Wednesday, June 15, 2011

What You Should Have Read #29

Last Week’s Comic Book Badassery

As much as I enjoy reading Booster Gold each month, I don’t think I’ve ever really found a good example of badassery from the book. This month’s issue (#45) isn’t much different. But the writing and art are good, and really, this is the only book I’m enjoying during all this Flashpoint crap. Right now, as we’re in the beginning stages of hearing news about the “new” DC universe, I really don’t know what to think. I hope that we’re going to get some great stories out of this, but I’d really hate to see 70+ years of continuity just evaporate. Is this what people thought in ’86 after Crisis on Infinite Earths was going strong?

This week’s Badassery in Editorializing award goes to Robert Kirkman, writer of Invincible. In this particular panel, our hero goes off about starting a book over with a #1 issue then going back to the original numbering when it’s time for an important anniversary. I wonder when this was written in relation to when news about DC’s relaunches reached Kirkman’s ears. Marvel has also announced that Uncanny X-Men, their longest-running series, will end in October. I wonder how long it’ll be before it (and Detective Comics and Action Comics, DC’s two longest-running series, the latter of which just hit issue 900) comes back with its original numbering?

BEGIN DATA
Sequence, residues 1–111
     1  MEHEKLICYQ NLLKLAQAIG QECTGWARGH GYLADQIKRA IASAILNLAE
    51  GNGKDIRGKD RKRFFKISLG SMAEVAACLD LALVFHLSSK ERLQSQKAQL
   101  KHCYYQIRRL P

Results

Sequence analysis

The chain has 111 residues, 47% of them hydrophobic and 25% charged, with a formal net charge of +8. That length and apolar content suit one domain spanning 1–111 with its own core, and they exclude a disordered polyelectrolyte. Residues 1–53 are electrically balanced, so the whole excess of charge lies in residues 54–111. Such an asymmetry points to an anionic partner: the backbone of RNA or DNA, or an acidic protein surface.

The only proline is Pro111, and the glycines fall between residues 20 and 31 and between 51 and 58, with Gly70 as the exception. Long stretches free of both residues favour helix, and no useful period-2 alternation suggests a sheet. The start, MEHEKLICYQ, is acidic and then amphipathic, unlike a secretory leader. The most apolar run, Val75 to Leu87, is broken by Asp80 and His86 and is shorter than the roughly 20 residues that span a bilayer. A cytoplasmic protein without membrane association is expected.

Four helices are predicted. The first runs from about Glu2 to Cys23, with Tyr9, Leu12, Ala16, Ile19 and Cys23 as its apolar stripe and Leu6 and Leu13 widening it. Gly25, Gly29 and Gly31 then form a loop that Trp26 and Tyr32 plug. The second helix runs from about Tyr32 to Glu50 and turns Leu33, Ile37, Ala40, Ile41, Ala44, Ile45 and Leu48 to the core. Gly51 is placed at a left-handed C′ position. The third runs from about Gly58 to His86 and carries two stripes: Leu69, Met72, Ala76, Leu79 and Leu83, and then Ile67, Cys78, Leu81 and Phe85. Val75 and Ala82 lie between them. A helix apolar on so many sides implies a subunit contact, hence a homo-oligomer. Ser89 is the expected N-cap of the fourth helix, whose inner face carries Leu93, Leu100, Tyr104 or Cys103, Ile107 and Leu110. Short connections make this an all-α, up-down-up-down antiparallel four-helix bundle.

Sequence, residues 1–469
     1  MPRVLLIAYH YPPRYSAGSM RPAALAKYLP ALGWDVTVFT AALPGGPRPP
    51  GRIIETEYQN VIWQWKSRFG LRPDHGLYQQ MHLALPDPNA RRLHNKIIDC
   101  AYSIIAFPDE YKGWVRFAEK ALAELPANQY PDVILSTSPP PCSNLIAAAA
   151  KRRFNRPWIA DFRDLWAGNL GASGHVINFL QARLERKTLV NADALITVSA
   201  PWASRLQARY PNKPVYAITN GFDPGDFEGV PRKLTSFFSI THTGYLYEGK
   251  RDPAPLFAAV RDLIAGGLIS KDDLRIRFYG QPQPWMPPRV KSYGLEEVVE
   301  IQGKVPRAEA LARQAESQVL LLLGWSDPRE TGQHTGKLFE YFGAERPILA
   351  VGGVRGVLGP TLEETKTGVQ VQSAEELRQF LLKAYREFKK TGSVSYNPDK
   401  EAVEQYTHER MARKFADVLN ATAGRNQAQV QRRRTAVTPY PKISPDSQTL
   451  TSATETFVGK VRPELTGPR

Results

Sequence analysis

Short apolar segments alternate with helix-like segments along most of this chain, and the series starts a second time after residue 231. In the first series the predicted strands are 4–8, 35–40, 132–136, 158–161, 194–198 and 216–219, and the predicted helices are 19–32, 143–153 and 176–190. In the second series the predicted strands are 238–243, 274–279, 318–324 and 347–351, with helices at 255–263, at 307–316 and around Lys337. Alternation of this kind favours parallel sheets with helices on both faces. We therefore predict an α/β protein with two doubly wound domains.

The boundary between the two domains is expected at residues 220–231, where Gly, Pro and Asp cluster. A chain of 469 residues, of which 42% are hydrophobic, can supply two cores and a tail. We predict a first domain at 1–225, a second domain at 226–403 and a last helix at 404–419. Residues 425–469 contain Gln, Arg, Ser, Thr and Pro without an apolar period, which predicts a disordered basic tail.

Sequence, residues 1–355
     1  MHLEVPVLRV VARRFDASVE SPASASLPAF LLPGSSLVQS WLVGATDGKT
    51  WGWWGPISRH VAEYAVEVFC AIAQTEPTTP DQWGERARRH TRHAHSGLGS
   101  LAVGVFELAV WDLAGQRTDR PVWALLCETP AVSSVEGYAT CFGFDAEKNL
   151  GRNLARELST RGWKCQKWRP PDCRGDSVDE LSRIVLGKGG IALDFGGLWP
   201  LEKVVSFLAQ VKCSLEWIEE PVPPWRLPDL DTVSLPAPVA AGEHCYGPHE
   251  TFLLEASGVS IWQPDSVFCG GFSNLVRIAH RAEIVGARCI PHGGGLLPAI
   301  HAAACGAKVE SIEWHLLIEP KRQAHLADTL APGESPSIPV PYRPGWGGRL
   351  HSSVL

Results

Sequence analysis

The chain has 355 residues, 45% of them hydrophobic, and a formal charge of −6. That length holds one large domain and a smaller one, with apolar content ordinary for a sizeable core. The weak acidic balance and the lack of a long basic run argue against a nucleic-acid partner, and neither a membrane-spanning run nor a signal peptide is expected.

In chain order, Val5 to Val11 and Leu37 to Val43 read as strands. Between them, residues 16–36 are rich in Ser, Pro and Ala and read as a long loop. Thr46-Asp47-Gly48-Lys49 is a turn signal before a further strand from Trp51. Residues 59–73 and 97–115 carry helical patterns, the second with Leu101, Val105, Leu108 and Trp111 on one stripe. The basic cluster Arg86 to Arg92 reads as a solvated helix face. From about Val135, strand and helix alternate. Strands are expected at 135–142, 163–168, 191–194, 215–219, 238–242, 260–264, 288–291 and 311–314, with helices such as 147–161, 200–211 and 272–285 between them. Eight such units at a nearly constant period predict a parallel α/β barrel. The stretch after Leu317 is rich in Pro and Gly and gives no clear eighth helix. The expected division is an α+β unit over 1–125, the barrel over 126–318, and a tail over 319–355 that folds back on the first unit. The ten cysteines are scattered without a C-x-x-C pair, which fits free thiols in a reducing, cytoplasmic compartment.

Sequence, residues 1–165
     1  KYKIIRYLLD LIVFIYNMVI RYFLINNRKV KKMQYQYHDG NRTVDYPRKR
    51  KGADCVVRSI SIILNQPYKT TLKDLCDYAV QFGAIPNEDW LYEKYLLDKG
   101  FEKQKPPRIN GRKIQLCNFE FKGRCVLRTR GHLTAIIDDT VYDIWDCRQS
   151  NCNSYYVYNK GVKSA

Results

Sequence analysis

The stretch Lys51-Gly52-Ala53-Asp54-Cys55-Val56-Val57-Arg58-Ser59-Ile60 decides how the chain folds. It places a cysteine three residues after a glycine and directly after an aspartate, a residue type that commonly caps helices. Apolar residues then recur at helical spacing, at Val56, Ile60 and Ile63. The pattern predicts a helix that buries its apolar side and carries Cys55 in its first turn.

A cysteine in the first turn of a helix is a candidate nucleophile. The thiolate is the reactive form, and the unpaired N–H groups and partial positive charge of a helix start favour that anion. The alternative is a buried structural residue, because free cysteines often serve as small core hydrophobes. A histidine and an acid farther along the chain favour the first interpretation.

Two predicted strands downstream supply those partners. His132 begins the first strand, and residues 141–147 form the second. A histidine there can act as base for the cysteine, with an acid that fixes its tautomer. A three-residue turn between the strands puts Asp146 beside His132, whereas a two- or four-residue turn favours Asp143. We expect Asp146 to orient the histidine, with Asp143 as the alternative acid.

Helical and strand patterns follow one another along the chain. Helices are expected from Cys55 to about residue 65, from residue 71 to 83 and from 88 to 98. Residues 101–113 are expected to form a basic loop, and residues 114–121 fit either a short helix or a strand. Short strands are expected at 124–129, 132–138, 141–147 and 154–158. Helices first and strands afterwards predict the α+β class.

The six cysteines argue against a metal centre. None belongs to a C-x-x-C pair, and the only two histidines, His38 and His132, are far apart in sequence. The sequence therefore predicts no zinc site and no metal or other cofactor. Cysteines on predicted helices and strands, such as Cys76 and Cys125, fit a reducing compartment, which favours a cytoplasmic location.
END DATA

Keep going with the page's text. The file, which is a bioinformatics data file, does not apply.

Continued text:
Volstagg is the one person I can somewhat connect with in Thor’s cast of characters. In an overly serious and/or godly book, I gravitate toward the comic relief. That’s Volstagg. He’s the big, fat comic relief with a heart of gold. He’s cliché, but he’s extremely well written in Journey of Mystery, and I really, really like him. I also like his reason for watching over Loki.

Strong and sure-of-herself Aunt May has always been preferable to me instead of weak and sickly Aunt May. I loved the way J. Michael Straczynski wrote her in Amazing Spider-Man, and I love that she has stayed that way. And while Uncle Ben was a long-haired hippie type when Ultimate Spider-Man began, I’ve always loved Aunt May’s support of Peter, especially after finding out that he is Spider-Man (spoilers?). She wasn’t a doting or coddling aunt, she was the mother that he needed and didn’t have. That is greatly illustrated by what she does in Ultimate Spider-Man #159.

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